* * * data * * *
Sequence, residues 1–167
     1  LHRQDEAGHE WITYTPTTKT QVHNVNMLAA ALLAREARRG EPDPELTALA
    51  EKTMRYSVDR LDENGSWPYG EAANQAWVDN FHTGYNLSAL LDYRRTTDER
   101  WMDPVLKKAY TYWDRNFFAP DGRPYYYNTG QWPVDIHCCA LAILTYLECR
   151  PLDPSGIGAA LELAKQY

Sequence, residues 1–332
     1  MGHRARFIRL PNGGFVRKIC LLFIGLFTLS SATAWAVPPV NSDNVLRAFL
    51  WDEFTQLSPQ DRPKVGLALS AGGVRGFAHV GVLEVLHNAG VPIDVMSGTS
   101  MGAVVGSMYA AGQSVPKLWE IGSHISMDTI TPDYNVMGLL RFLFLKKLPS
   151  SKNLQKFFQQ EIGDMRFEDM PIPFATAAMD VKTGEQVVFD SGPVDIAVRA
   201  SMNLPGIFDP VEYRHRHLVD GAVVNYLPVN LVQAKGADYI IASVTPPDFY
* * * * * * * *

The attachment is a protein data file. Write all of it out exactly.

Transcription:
Sequence, residues 1–167
     1  LHRQDEAGHE WITYTPTTKT QVHNVNMLAA ALLAREARRG EPDPELTALA
    51  EKTMRYSVDR LDENGSWPYG EAANQAWVDN FHTGYNLSAL LDYRRTTDER
   101  WMDPVLKKAY TYWDRNFFAP DGRPYYYNTG QWPVDIHCCA LAILTYLECR
   151  PLDPSGIGAA LELAKQY

Sequence, residues 1–332
     1  MGHRARFIRL PNGGFVRKIC LLFIGLFTLS SATAWAVPPV NSDNVLRAFL
    51  WDEFTQLSPQ DRPKVGLALS AGGVRGFAHV GVLEVLHNAG VPIDVMSGTS
   101  MGAVVGSMYA AGQSVPKLWE IGSHISMDTI TPDYNVMGLL RFLFLKKLPS
   151  SKNLQKFFQQ EIGDMRFEDM PIPFATAAMD VKTGEQVVFD SGPVDIAVRA
   201  SMNLPGIFDP VEYRHRHLVD GAVVNYLPVN LVQAKGADYI IASVTPPDFY